The germ of an idea is already kicking around. It’s usually the beginning of a movie. If I don’t have a theme at the end, some simple thing I can figure out what the main character is trying to say, I usually won’t start a movie until I know exactly kind of how it ends. I do the outline when I get there. The kernel of the idea is in my head before I go, and the theme, what I’m trying to say at the end is there, and also the world it takes place in. Those are the things I have to know before I pull the trigger. And then I figure the story out from there.

Since I’m always a couple hours out of town, you’d be surprised how much those two hours driving up are a pretty good place to work. I’m always talking to myself and recording it on my phone–getting ideas for dialogue and story elements. Anyone who sees me talking to myself and getting into the characters’ heads probably thinks I’m some nut job checking into a hotel.

Restrict Internet Access to Essential Research.

I keep access to the Internet, but I actually tell myself that I’m not allowed to surf. Basically, it’s for when I need to do research. I think you need it for anything from locations to historical facts, things like that.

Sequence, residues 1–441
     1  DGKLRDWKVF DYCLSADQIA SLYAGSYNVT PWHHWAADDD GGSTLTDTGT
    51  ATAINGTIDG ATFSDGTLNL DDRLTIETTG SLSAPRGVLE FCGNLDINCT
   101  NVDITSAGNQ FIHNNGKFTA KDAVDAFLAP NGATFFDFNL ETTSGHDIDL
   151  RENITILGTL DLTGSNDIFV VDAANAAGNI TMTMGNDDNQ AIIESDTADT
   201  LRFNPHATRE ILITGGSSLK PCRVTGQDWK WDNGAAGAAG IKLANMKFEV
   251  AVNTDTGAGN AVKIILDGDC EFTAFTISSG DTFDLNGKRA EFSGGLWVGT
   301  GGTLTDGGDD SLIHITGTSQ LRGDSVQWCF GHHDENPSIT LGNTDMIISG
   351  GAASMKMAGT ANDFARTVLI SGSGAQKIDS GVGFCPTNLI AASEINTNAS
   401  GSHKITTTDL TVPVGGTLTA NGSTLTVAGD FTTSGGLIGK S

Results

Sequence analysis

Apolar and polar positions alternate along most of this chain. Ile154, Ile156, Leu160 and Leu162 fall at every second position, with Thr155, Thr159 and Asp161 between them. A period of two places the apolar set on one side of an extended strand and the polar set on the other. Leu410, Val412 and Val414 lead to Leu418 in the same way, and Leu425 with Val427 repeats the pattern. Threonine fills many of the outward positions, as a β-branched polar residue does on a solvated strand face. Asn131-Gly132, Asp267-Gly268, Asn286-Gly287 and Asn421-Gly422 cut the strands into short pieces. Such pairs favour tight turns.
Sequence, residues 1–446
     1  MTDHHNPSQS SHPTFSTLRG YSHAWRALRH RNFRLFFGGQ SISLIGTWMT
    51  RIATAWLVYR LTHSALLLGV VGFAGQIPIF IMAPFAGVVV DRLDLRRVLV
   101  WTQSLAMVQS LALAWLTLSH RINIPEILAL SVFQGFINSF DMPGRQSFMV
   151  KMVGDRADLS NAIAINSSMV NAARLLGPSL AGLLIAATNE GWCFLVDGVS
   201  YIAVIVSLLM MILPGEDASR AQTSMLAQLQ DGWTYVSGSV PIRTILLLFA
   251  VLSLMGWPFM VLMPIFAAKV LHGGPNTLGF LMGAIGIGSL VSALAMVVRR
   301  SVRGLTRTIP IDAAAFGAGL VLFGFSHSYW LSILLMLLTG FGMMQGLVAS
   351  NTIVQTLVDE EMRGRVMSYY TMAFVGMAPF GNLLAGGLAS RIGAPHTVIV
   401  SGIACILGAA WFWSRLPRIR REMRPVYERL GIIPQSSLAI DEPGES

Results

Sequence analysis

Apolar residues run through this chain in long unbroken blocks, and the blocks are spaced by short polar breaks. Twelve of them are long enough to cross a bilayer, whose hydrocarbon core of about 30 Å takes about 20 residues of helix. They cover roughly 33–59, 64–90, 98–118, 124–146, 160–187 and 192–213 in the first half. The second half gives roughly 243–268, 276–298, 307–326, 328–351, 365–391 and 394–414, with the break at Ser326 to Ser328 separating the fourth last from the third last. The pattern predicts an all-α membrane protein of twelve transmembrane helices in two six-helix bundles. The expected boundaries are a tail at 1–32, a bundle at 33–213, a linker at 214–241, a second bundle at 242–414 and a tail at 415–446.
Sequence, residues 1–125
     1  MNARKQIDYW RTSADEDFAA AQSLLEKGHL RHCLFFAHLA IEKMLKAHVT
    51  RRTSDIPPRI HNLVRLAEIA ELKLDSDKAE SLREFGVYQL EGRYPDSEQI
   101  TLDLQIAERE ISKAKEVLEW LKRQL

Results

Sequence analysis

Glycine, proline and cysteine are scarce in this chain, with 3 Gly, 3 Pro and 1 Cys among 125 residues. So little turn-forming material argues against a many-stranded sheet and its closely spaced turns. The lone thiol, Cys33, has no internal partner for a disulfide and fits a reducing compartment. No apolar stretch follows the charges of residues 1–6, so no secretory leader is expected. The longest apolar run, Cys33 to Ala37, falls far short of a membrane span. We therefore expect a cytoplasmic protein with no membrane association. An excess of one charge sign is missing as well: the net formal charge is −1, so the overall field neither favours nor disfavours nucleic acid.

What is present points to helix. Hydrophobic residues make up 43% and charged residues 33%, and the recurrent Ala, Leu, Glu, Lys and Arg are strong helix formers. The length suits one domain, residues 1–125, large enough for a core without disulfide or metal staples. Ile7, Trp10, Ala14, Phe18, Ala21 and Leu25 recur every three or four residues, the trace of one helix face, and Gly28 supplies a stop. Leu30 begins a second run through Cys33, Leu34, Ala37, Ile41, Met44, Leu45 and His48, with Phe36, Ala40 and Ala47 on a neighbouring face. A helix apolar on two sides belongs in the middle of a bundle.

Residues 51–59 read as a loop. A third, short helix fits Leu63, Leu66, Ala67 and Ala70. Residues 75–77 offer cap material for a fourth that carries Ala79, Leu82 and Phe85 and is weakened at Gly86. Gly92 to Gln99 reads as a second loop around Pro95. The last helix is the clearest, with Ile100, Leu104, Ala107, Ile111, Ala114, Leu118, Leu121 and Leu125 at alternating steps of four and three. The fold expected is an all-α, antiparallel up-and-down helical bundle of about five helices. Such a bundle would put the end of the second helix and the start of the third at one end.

Don’t Be Precious About First Draft Dialogue.

One of the blocks I used to have is always really trying to write the perfect line of dialogue, and that would trip me up. Now when I’m banging out these first drafts, I just kind of get down what the scene is supposed to be, and then in the rewrites, the dialogue improves. Then, on the day, the actors usually have something to say about the dialogue. I tend to work with people who bring more than just saying the lines, so the dialogue’s always kind of changing up.

Set Daily Goals and Rewards to Stay On Track.

I stopped smoking a few years ago, but that used to be the reward. Write for a while and then go have a cigarette. I do kind of set a goal of how many pages each day, and I try to meet it. When I do that, even if I fall short, I still feel pretty good. Other days, it’s not about page count, just getting through certain scenes.

Focus Only On What Helps You Get to the Last Scene.

There’s definitely a block and you have to spend as many hours as it takes just pacing or whatever. Sometimes I do the opposite and go on a tangent, and then I have to remember, “Well, this dialogue isn’t helping me to get to the last scene.” That is something that’s good for writers to ask themselves: “Is this helping me get to the last scene?” And if it’s not, then maybe take those scenes or ideas and cut them to use for other projects.


Keep Your Hotel Stay Short.

A lot of the time, it’s just a week or even less. That’s all it takes to get a first draft. Other movies have taken longer, but when you’re cutting yourself off from the world and you’re just sitting in a room, you can really write for hours on end. Sometimes it’s these days of me pushing myself to write 25 pages in a day. I usually try to stay as long as it takes, and then I’ll talk to my wife, and she’ll say, “If you think you’ll be able to finish it in the next couple days, then why don’t you finish it.”

[Photo by Seth Olenick]